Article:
Famous Pictures had started already importing Hollywood movies, some of them talkies. This was a big revolution for the film industry. Additionally, there was new technology involved. Realizing the importance of the talkies, Dadasaheb Torne saw that the talkies were becoming popular day by day. With his foresight he bought the agency of the Talkie-Machinery and, with the help of Americans, he learned how to use it. A few years earlier, while working in the Royal Art Studio of Mumbai, he met Ardeshir Irani. He advised Irani to start his own studio (the famous Jyoti Studio) and film production company (The Imperial Film Company). Irani appointed Dadasaheb as a manager at both the places. Later, on Dadasaheb's advice, Irani formed another company out of the unit of Imperial Film company, the Sagar Film Company. Around this time, Dadasaheb directed two films: Sindabad the Sailor (1930) and Dilbar (1931). Both were silent movies. Next he again advised Irani to make a talkie. They had now all the machinery required for the production and taught the technicians in the Imperial Company, how to use it. The work on Alam Ara was kept secret. Within a span of two months, history was created: on 14 March 1931, India's first talkie, Alam Ara, was released in the Majestic Cinema Theater.
There was an overwhelming response to Alam Ara. After this success, he immediately supplied the machinery to Prabhat, Ranajit, Wadia, etc. studios. These studios started making new talkies. The end of silent movies had come. The scene now was completely different.
Dadasaheb decided to form his own company and stop working under the supervision of others. In Pune near Shankarshet Road, he formed his own company, called Saraswati Cinetone (सरस्वती सिनेटोन). The company's first movie was Sham Sundar. The first Silver Jubilee movie of the Indian film industry, it turned out to be legendary. It introduced two young artists, Shahu Modak and Shanta Apte. Chintamanrao Modak, the famous sound recordist, and Baapurao Ketkar, the famous music director, began their careers on this movie. The company's second movie was Aout Ghatakecha Raja, which introduced Master Viththal (who later became famous as Indian Douglas) as director. The first double role in Indian film was in this movie.
The third movie was Bhakta Pralhaad, which famously had a large amount of trick photography. Through his mastery of the lens, several optical effects were created. The special effects were appreciated by Indian as well as foreign technicians. He was a pioneer in many respects. He introduced many firsts in the film industry. Many talented artists such as Mehboob (Mehboob Studio), Kardar, Bhalaji Pendharkar, Vishram Bedekar, R. S. Chowdhary, C. Ramchandra, Jayashree, Ratnamaalaa (Dada Kondke's "Aaye") and Alam Ara heroine Zubeida were first introduced by him. He made several movies later: Thaksen Rajputra, Chhatrapati Sambhaji, Krishnashishtai, Savitri, Raja Gopichand, Narad Naradi, Bhagva Zenda, Mazi Ladki, Navardev, etc. He made 17 movies: three Hindi, eight Marathi and six Hindi+Marathi. A documentary film, Akshar-Olakh, was produced for the "Saksharata Prasar Mandal". This film was produced more a social commitment than for entertainment or business. The last movie of Saraswati Cinetone was Aawaj, released on 22 May 1942, starring Maya Banerji, Swarnalata and Waasti.
Most of these movies and their sole copies were burnt. He had built a studio in Pune, where now Chakan Oil Mill stands. In 1947, when he had gone out of town for some work, his colleague and friend stole all the movie cameras and other expensive equipment and took it to Pakistan. Religious fanaticism won over the decades old friendship. This shook him badly and had his first heart attack in 1947. But his mother helped him come out of this agony and loss. His career was now over after such a blow from someone he knew and worked with for several decades. In his later years he had retired from the industry and as it is the industry was now changing its colors and ways quite rapidly. The movie Shamsundar had given him the financial stability and he lived in his house "Chandrika" (name of his mother) at Shivajinagar. He died there on the morning of 19 January 1960 in his sleep.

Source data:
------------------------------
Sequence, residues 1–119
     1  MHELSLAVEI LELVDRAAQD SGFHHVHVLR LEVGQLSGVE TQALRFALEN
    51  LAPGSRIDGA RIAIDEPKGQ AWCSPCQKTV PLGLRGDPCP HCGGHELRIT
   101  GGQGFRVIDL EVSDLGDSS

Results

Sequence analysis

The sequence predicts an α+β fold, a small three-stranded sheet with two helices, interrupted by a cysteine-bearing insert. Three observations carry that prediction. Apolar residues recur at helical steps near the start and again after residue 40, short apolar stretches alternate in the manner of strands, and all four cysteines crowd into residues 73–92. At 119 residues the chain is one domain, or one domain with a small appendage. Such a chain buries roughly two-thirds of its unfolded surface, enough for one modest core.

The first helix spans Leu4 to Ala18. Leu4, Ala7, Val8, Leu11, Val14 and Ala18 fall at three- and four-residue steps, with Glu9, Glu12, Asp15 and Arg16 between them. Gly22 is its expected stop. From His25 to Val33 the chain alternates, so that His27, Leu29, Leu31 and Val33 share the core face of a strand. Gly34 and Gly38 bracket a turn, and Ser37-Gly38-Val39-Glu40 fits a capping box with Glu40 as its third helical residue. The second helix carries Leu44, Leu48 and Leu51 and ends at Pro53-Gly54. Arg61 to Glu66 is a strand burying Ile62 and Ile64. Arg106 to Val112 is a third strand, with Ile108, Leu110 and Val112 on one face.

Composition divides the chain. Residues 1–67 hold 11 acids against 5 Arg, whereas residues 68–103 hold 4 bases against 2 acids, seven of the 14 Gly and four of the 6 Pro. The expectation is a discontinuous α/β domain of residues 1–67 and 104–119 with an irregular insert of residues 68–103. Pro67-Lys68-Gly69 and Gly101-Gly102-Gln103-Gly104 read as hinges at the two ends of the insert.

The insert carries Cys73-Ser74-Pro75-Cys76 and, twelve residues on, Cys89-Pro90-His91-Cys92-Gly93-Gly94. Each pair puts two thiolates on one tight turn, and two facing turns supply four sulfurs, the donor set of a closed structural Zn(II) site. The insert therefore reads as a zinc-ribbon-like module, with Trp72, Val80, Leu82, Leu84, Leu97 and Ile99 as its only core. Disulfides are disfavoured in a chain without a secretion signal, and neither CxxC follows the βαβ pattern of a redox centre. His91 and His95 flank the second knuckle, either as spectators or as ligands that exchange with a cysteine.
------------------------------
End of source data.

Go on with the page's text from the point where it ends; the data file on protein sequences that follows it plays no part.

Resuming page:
|No.||Name of production||Year||Language||Participation|
|1||Pundalik||1912||Silent||Producer / Director|
|2||Sati ka Shaap (Curse of Sati)||1923||Silent||Assistant Producer|
|5||Sindabad Khalasi (Sindabad the Sailor)||1930||Silent||Story/Director|
|6||Shamsundar||1932||Hindi/Marathi||Producer / Sound Recordist|
|7||Aout Ghatakecha Raja||1933||Marathi||Producer / Sound Recordist|
|Aawara Shahjada||1933||Hindi||Producer / Sound Recordist|
|8||Bhakta Pralhad||1933||Hindi/Marathi||Producer / Manager /Sound Recordist|
|10||Thakasen Rajputra||1934||Marathi||Producer / Director|
|Bhedi Rajkumar||1934||Hindi||Producer / Director|
|11||Krishna-Shishtai (Krishna's Negotiations)||1935||Hindi||Producer|
|12||Savitri||1936||Marathi||Producer / Sound Recordist|
|13||Raja Gopichand||1938||Hindi/Marathi||Producer / Editor|
|16||Mazi Ladaki (My Beloved)||1939||Marathi||Producer / Director|
|18||Narad-Naradi||1941||Marathi||Producer / Director|
|19||Navardev (Bridegroom)||1941||Marathi||Producer / Director|
- Deka, Arnab Jan (27 October 1996). "Fathers of Indian Cinema Bhatawdekar and Torney". Dainik Asam (Assamese daily).
- Robertson, Patrick (1988). The Guinness Book of Movie Facts & Feats (1988 ed.). London: Guinness Publishing Limited. p. 8. ISBN 0-85112-899-8.
- Narwekar, Sanjit (January 1995). Marathi Cinema : In Retrospect (1995 ed.). Bombay, India: Maharashtra Film, Stage & Cultural Development Corporation Ltd. pp. 9–12.
- Rangoonwalla, Firoze (1979). A Pictorial History of Indian Cinema (1979 ed.). London, New York, Sydney, Toronto: The Hamlyn Publishing Group Limited. p. 12. ISBN 0-600-34909-8.